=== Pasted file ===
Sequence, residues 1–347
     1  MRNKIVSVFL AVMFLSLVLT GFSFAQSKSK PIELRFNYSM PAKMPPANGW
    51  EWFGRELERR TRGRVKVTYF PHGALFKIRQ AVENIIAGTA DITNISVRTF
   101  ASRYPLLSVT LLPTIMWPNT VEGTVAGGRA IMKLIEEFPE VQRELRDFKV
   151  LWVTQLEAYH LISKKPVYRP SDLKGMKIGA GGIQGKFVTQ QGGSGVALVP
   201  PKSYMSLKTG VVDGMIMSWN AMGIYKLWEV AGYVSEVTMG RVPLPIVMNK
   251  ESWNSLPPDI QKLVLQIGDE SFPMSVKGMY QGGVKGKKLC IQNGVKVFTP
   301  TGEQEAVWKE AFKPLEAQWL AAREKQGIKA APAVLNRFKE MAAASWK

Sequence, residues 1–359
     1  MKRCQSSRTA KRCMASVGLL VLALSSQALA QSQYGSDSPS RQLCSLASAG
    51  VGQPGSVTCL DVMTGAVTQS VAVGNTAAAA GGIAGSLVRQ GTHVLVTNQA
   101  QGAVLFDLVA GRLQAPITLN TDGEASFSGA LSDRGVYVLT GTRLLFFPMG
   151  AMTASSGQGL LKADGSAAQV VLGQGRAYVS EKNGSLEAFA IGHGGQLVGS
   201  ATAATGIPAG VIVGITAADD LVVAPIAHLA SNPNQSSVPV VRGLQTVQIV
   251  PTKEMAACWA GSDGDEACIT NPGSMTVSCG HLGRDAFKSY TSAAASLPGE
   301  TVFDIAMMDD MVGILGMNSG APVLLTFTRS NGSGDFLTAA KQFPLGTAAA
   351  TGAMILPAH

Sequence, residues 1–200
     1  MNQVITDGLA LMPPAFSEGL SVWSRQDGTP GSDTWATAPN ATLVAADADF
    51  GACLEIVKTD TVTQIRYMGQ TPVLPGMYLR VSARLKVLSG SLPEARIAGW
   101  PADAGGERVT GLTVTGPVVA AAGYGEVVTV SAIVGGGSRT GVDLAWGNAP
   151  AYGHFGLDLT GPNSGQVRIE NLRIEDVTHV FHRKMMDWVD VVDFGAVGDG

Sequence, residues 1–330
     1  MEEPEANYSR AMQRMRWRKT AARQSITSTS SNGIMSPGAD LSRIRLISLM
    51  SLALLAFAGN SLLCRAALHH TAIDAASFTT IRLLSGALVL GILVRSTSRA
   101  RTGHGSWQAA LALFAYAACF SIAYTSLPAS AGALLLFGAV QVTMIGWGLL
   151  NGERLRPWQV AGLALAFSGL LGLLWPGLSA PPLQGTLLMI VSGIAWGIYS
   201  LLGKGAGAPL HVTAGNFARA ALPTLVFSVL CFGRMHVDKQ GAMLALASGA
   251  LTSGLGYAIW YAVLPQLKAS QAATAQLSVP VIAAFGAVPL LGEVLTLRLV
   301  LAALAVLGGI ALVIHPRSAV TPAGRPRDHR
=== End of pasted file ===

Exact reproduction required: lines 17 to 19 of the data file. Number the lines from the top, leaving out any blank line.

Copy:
   351  TGAMILPAH

Sequence, residues 1–200
     1  MNQVITDGLA LMPPAFSEGL SVWSRQDGTP GSDTWATAPN ATLVAADADF